Case No. 4:08-cv-059.
June 5, 2009
ORDER GRANTING IN PART AND DENYING PART PLAINTIFF'S MOTIONS TO COMPEL
Before the court are the "Plaintiff's Motion to Compel Defendants' Answers to Interrogatories and Responses to Requests for Production and Memorandum in Support Thereof" (de # 53), the Defendants' Response (de # 55) thereto, the "Plaintiff's Motion to Compel Responsible Third Parties['] . . . Responses to Plaintiff's Deposition Upon Written Questions" (de # 60) and briefing responsive thereto. Having reviewed the Motions, the arguments of the parties and the relevant legal principles, the court is of the opinion that both Motions should be GRANTED IN PART and DENIED IN PART.
The Plaintiff sued the Defendants on a state law negligence theory. In 2006, the Plaintiff purchased a horse, Ally McBlaze, from Schroeder Ranch, operated by Robbie and Joan Schroeder (collectively, "the Schroeders"). Prior to taking delivery of the horse, the Plaintiff had the horse inspected to ensure that it was physically capable of the tasks for which the Plaintiff purchased the horse. Dr. John McCarroll performed that inspection, giving Ally McBlaze a bill of good health, and the Plaintiff relied on the representation in accepting the horse. Upon taking delivery of the horse, the Plaintiff noticed that it displayed difficulty in walking along with signs of lameness. The Plaintiff had Ally McBlaze inspected again, and the horse was diagnosed with a degenerative condition in the bones of its front feet. The Plaintiff asserts that this condition should have been identified by Dr. McCarroll and that had he done so, the Plaintiff would not have taken delivery of the horse. The Schroeders were previously defendants in this matter as well, but the Plaintiff has settled his claims against them. They have been designated as responsible third parties.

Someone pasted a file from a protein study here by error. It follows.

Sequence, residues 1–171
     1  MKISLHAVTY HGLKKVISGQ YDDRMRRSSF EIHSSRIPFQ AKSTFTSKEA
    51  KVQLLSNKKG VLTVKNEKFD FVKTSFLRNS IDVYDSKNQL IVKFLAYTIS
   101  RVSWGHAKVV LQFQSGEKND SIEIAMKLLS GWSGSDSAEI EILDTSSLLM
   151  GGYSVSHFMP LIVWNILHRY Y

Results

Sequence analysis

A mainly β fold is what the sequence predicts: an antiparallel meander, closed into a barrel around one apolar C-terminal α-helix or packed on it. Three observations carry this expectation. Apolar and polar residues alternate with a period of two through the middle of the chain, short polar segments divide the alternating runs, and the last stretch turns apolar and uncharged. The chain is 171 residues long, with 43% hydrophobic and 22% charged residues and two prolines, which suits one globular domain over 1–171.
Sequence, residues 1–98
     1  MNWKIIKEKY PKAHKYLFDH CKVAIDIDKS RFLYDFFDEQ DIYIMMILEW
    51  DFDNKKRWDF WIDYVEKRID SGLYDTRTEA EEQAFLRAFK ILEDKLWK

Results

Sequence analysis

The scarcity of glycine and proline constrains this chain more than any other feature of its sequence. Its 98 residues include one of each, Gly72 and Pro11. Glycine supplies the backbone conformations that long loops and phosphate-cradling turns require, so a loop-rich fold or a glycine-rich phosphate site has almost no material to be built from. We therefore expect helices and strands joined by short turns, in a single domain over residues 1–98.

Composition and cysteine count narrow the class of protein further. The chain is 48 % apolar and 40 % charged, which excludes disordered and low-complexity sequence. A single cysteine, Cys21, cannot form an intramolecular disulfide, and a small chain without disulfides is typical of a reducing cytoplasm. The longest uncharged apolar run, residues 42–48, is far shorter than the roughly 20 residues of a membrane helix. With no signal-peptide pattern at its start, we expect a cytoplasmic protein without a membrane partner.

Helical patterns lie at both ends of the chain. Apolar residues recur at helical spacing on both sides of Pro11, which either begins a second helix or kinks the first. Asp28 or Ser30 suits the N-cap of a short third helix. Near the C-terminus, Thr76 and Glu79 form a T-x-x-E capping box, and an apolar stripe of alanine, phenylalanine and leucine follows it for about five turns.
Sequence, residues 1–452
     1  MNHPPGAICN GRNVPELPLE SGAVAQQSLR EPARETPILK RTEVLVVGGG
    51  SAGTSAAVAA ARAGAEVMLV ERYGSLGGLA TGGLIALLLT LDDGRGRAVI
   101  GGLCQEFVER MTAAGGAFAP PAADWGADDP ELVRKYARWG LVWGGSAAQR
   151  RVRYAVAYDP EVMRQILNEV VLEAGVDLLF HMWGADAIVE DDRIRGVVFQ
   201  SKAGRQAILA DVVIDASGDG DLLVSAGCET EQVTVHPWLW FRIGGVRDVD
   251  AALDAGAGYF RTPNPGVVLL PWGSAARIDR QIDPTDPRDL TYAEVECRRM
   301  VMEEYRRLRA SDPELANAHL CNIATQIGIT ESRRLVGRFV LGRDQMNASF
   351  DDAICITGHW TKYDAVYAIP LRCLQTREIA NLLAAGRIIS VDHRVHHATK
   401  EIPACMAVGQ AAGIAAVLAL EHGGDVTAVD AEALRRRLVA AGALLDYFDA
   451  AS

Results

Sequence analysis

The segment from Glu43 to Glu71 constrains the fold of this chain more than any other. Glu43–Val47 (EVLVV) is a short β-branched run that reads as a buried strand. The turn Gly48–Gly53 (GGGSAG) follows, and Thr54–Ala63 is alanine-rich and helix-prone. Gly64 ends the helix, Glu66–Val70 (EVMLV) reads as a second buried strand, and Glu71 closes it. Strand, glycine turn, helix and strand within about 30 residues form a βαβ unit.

On August 14, 2008, the Plaintiff served the discovery requests at issue, and the Defendants submitted their responses and objections. The Plaintiff served the subpoena at issue on the Schroeders on November 5, 2008. In the requests that form the bases of the Motions, the Plaintiff purportedly seeks to obtain information that would establish (i) the Defendants' experience in examining horses, (ii) any bias the Defendants may have with respect to the Schroeders and (iii) that the Defendants should have discovered Ally McBlaze's unfitness. The Defendants and the Schroeders respond by arguing that the requests at issue seek information that is irrelevant to the issues in this case.
Federal Rule of Civil Procedure 26(b)(1) provides that discovery may be obtained "regarding any nonprivileged matter that is relevant to any party's claim or defense . . ." However, discovery must be limited by the court if it determines that: "(i) the discovery sought is unreasonably cumulative or duplicative, or is obtainable from some other source that is more convenient, less burdensome, or less expensive; (ii) the party seeking discovery has had ample opportunity to obtain the information by discovery in the action; or (iii) the burden or expense of the proposed discovery outweighs its likely benefit." FED. R. CIV. P. 26(b)(2)(C).
The discovery rules are accorded a broad and liberal treatment to affect their purpose of adequately informing litigants in civil trials. Herbert v. Lando, 441 U.S. 153, 176, 99 S. Ct. 1635, 60 L. Ed. 2d 115 (1979). Nevertheless, discovery does have "ultimate and necessary boundaries," Oppenheimer Fund, Inc. v. Sanders, 437 U.S. 340, 351, 98 S. Ct. 2380, 57 L. Ed. 2d 253 (1978) (quoting Hickman v. Taylor, 329 U.S. 495, 507, 67 S. Ct. 385, 91 L. Ed. 451 (1947)), and it is well established that the district court has wide discretion in establishing the confines of discovery. Alpine View Co. v. Atlas Copco AB, 205 F.3d 208, 220 (5th Cir. 2000).